When the roll is called for fighters who are the greatest boxers of all time, not to be forgotten are those behind their success, such as the personality that sold their storylines, bringing them and what they are capable of to our awareness. One of such individuals is the American boxing promoter, Don King. He is famous for his involvement in historic boxing matchups as much as he is notorious for always finding himself mired in the most difficult of controversies.
As a professional in selling the storylines of fighters and trying to make fights, King promoted historic events such as The Rumble in the Jungle, Thrilla in Manila, as well as some of the greatest boxers of all time including Muhammad Ali, Joe Frazier, Sugar Ray Leonard, Mike Tyson, George Foreman, Larry Holmes, Evander Holyfield, among others.
Don King has also had a taste of infamy due to a manslaughter conviction. Meanwhile, some of the boxers he promoted sued him for allegedly defrauding them although most of the lawsuits were settled out of court. The man successfully branched into the media and is an ardent figure in politics. Learn more about him below…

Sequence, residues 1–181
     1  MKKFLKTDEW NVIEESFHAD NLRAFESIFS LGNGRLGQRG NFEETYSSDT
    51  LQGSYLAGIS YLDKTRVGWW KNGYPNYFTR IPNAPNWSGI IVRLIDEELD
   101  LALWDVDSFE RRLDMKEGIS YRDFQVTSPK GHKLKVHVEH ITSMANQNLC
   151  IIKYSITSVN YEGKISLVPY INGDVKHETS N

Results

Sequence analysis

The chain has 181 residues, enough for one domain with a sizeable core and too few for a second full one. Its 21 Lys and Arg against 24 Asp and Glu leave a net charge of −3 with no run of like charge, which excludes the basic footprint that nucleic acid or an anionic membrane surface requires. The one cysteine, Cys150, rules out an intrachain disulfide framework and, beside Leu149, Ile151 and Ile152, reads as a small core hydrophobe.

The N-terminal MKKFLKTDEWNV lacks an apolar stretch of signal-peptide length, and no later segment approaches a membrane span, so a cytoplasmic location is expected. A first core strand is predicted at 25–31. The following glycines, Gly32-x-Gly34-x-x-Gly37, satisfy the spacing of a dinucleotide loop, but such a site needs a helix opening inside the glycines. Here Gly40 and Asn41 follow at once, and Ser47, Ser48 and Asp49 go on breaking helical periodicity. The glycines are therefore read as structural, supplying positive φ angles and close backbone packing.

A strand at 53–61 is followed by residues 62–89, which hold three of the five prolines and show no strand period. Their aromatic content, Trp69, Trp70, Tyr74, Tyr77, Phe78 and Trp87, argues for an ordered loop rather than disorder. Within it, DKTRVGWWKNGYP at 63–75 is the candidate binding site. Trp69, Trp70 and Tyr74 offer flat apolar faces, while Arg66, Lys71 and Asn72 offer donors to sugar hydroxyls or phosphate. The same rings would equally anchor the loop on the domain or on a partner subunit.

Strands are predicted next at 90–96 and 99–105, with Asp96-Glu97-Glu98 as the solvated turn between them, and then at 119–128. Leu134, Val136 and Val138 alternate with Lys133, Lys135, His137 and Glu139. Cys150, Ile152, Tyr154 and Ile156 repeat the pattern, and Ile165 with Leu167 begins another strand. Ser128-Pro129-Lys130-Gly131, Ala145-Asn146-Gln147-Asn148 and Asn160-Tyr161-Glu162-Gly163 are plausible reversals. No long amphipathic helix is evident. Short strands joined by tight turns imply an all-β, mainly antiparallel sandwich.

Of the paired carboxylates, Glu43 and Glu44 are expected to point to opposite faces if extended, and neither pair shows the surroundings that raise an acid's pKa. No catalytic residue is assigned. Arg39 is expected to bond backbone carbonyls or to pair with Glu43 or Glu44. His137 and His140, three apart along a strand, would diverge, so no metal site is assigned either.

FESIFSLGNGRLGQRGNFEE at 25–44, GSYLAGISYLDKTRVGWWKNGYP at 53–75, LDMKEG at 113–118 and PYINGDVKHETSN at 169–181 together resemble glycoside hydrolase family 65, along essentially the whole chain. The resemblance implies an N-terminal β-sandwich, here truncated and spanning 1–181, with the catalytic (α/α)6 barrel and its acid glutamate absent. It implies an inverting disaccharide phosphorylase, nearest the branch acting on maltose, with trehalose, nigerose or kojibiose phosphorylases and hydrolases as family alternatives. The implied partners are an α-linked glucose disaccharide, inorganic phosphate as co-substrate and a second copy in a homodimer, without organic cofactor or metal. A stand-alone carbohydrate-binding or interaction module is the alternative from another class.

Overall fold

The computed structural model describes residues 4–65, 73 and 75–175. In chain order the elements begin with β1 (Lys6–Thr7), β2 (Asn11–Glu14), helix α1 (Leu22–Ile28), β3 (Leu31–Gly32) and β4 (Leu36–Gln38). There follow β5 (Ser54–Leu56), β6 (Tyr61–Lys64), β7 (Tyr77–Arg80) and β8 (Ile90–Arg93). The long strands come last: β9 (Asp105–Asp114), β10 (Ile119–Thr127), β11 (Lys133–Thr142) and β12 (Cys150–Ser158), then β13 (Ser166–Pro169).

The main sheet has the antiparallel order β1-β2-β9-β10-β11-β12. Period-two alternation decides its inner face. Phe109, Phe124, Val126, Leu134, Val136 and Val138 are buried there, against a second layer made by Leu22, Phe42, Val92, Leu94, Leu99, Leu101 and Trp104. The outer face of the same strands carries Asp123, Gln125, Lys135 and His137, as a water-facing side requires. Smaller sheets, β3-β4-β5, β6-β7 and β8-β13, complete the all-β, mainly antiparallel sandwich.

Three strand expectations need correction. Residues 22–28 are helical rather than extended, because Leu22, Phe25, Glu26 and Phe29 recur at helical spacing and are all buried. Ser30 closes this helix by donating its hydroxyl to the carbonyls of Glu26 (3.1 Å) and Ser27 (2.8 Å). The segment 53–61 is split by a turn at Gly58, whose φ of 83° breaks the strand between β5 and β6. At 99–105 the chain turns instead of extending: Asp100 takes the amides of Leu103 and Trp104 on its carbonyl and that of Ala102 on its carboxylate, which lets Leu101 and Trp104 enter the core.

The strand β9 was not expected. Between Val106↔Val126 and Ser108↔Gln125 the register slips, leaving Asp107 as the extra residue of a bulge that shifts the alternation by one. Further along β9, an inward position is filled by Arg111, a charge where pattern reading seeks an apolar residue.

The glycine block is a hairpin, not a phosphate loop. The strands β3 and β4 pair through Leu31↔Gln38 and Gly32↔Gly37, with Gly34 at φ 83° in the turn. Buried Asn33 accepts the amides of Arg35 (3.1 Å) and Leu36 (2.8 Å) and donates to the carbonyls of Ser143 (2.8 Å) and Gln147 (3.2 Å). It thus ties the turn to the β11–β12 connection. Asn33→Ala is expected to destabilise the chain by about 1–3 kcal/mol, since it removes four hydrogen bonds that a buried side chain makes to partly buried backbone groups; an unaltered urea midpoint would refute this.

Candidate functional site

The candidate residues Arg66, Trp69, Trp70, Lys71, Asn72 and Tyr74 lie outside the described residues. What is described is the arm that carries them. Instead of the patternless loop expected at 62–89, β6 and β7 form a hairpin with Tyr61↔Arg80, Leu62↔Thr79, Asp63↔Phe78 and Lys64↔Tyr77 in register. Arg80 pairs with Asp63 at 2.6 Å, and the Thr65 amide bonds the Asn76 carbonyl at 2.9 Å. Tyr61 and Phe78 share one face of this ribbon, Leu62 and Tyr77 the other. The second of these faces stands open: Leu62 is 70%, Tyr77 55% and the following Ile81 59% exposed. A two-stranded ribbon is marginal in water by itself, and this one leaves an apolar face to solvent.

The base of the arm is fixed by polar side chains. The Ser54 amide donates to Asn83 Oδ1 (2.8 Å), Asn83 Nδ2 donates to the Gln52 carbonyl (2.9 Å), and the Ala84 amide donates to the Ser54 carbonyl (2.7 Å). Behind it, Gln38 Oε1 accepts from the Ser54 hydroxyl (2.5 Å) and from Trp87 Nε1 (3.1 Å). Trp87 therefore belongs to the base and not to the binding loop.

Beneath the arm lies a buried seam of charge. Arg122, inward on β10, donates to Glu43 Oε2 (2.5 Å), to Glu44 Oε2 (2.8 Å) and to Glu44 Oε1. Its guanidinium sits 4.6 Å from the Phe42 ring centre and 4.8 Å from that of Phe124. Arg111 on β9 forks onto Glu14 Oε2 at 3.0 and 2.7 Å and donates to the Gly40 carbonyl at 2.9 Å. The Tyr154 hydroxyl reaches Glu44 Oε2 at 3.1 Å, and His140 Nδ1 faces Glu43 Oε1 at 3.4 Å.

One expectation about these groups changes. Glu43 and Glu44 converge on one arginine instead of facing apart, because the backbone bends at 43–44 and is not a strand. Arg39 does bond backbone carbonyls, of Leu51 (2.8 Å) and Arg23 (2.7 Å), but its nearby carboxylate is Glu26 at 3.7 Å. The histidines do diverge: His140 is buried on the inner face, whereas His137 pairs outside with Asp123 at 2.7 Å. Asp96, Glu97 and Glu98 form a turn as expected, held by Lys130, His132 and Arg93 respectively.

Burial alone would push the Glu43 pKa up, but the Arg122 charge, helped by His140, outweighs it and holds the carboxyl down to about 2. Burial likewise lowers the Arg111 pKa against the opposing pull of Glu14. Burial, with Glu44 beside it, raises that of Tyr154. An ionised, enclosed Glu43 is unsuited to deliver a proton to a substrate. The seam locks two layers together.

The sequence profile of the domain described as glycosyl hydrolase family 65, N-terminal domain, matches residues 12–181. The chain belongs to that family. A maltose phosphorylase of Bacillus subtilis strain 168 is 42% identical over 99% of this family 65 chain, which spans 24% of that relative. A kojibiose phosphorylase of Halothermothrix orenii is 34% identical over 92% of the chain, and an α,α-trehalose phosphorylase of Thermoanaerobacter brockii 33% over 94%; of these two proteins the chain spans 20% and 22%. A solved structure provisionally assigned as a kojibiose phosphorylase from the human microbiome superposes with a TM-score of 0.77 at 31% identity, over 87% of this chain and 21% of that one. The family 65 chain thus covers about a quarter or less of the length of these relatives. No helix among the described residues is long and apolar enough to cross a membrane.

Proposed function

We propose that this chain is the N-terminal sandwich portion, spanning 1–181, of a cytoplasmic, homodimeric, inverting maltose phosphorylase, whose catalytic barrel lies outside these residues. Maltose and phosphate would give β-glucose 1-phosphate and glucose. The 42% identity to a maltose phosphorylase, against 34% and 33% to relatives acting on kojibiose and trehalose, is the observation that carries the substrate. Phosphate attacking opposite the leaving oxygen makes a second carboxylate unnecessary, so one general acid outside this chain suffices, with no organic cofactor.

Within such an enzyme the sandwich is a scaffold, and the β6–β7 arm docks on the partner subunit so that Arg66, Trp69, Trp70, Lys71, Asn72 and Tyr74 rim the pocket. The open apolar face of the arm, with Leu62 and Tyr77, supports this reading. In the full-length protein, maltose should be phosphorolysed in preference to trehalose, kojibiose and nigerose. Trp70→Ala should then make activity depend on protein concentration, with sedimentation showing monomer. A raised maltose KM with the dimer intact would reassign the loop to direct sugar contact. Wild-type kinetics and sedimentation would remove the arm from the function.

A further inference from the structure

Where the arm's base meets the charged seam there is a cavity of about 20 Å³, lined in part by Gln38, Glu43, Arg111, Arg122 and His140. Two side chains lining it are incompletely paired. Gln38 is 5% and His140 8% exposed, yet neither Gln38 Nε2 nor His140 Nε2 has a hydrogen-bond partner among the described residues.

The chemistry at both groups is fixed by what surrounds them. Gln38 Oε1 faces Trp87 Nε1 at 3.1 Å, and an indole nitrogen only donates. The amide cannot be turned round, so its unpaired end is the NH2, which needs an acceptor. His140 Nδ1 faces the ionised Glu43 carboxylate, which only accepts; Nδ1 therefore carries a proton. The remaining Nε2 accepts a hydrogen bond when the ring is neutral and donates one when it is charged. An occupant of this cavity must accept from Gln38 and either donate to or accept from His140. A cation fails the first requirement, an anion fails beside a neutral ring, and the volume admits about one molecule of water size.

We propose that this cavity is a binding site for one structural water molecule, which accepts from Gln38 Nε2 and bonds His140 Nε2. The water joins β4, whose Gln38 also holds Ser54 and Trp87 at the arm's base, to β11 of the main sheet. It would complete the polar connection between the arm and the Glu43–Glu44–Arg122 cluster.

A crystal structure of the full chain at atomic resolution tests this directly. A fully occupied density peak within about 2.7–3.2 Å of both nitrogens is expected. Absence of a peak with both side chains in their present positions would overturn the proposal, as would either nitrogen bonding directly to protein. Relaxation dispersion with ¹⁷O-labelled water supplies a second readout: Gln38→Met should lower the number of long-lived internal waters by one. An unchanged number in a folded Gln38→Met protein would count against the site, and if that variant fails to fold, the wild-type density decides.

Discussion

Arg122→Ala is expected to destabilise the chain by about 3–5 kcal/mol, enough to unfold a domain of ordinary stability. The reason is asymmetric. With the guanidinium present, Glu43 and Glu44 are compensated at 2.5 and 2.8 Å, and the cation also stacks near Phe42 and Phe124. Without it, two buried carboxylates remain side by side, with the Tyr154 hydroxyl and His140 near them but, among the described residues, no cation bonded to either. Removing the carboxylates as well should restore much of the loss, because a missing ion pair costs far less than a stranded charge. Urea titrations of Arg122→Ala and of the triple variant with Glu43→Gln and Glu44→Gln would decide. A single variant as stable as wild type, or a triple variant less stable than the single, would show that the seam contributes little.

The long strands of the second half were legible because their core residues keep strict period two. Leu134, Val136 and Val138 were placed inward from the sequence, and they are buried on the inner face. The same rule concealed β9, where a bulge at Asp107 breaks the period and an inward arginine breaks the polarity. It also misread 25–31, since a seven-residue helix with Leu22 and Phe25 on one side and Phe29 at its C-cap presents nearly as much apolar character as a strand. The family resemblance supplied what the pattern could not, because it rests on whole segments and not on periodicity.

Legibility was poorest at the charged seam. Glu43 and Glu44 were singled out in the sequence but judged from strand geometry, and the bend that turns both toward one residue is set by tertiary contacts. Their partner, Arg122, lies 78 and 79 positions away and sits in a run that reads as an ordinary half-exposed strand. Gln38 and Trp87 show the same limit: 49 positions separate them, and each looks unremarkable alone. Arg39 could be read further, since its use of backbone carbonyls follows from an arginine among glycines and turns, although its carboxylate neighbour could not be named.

Don King Biography
The veteran promoter was born Donald King on 20th August 1931 in Cleveland Ohio, the USA, to Hattie and Clarence King. He attended Jonh Adam High in Ohio and graduated in 1951 after which he enrolled at Kent State University. King dropped out of college and ran an illegal bookmaking operation which would see him facing the law for killing two people.
In 1954, King shot and killed one Hillary Brown while he was attempting to rob one of his gambling houses. He was cleared of the incident after it was ruled a justifiable homicide. However, 13 years later, he was convicted of second-degree murder and sentenced to prison for beating an employee named Sam Garrett who owed him $600 to death. He served for nearly four years and was paroled in 1971. Don was later granted full pardon by the Ohio Governor, Jim Rhodes in 1983.
Career Attainments as a Boxing Promoter